In “Surat al-Fil” (“The Elephant”)–one of the Holy Qur’an’s shortest chapters–God sends a flock of birds to destroy the followers of Sultan Abraha, because of their plot to destroy the Kaaba, a holy monument in the center of Mecca that was built by Father Abraham himself. God equips the birds with baked clay stones, which they hurled at the Elephants of Sultan Abraha, stopping his advance toward the city.
On Wednesday the Iranian Defense Ministry successfully conducted a third test of Iran’s solid-state, medium-range, ballistic missile called the Sajjil-2. In Persian, Sajji is translated as “baked clay,” serving as a powerful allusion to Surat al-Fil. With a range of 2,000 km (almost 1,200 miles), the state of Israel, US bases in the Persian Gulf, and parts of southern Europe are within range of an Iranian strike.
Iranian Defense Minister Gen. Ahmad Vahidi vowed that the Sajjil-2 would be a “strong deterrent” against any possible foreign attack, stating, “Given its high speed, it is impossible to destroy the missile with anti-missile systems because of its radar-evading ability.”
The Sajjil-2 made its debut in May and was tested for a second time in September. Both tests reveal several improvements from its predecessor, the Sajjil-1. The current model houses a more advanced navigation system and operates entirely on solid fuel, both of which make the missile incredibly accurate. In addition, its solid fuel propellant can be constructed in advance and moved or hidden with relative ease.
The launch comes just days after a “confidential memo” leaked to The Times of London reported that Iranian scientists are completing tests on a neutron initiator, the mechanism in a bomb that causes the initial explosion.
Iran’s domestic production of military hardware began after the conclusion of its decade-long war with Iraq in the 1980s. Since the mid-1990s, the Islamic Republic has produced its own armored vehicles, fighter aircraft, and missile systems. The capability of such weapons systems is difficult to ascertain, however, because they have not seen any significant action in 20 years.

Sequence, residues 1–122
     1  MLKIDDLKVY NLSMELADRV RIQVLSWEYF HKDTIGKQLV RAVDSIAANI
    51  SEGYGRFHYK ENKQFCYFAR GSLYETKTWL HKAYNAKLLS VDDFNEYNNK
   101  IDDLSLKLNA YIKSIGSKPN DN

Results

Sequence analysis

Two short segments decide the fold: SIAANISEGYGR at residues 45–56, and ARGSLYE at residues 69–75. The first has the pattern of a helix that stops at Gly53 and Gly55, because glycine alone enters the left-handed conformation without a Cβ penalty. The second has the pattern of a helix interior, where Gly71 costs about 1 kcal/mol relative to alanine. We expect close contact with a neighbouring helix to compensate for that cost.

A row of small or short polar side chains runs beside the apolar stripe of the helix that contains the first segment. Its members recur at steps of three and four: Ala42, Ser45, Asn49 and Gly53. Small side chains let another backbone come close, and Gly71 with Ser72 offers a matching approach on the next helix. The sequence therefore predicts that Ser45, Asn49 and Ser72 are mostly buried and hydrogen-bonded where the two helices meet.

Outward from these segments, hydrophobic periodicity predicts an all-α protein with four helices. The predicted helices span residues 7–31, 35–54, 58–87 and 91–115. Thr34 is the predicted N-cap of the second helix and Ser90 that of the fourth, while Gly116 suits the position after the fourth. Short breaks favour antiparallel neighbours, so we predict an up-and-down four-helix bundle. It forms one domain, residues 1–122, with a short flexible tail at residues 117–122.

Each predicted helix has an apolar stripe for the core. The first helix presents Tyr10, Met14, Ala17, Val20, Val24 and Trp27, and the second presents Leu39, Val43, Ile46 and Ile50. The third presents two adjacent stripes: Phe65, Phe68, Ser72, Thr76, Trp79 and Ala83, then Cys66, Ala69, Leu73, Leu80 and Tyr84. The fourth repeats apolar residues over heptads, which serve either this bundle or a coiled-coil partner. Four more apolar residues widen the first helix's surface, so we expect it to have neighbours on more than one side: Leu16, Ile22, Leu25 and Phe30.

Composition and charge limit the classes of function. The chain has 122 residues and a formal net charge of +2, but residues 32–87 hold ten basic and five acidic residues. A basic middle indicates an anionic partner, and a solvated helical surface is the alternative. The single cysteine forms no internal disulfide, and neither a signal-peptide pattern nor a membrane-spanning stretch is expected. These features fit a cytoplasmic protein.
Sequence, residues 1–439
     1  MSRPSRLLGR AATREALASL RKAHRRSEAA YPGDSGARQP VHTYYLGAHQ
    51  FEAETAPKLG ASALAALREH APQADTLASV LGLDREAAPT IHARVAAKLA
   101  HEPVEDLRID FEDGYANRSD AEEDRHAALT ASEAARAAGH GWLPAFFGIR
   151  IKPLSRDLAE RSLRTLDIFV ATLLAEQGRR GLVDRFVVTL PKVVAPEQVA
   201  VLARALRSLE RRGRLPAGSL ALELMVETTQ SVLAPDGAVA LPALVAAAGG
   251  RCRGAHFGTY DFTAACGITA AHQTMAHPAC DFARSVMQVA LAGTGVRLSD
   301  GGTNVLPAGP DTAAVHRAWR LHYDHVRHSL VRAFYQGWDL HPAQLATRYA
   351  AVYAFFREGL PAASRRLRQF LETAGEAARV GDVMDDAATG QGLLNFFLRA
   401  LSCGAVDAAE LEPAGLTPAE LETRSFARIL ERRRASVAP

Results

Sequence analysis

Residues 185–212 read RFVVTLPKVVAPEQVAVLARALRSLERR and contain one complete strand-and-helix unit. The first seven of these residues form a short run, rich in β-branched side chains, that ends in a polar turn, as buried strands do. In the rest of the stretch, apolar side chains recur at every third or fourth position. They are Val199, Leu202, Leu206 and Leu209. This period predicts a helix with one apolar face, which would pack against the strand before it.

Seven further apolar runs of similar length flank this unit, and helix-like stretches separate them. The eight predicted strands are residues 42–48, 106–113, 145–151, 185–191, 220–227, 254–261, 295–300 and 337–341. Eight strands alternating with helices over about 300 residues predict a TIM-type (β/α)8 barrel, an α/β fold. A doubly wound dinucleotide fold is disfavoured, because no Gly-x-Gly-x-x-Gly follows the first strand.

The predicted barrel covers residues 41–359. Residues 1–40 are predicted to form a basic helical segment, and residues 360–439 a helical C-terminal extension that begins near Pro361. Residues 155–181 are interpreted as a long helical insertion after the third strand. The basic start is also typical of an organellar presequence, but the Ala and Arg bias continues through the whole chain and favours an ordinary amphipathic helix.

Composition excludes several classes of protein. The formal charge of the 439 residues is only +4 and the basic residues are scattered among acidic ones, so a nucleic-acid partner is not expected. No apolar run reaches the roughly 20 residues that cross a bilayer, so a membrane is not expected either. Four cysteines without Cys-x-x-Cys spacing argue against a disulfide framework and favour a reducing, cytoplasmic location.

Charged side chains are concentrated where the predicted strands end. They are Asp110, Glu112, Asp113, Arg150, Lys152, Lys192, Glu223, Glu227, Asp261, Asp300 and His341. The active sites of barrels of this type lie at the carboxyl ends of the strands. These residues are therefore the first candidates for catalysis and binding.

In response to Iranian dithering over an IAEA-sponsored nuclear fuel swap deal with Russia, the US House of Representatives voted last week for a new regimen of petroleum sanctions. Some defense analysts, like AEI’s Danielle Pletka, say that creative sanctions can weaken the regime without hurting everyday Iranians. Opponents of harsh sanctions, such as Rep. Ron Paul, argue that the move will place a burden on Iranian society, causing people to turn to the regime for support. That argument maintains that the “rally ’round the flag” effect in Iran would not only undermine Western efforts at blocking Iran, but would also weaken opponents of the Ahmadinejad government.
The moral of “Surat al-Fil” is that no plot of man can succeed against an Almighty God. The moral of the standoff between the West and Iran over Iranian nuclear proliferation has yet to be written.
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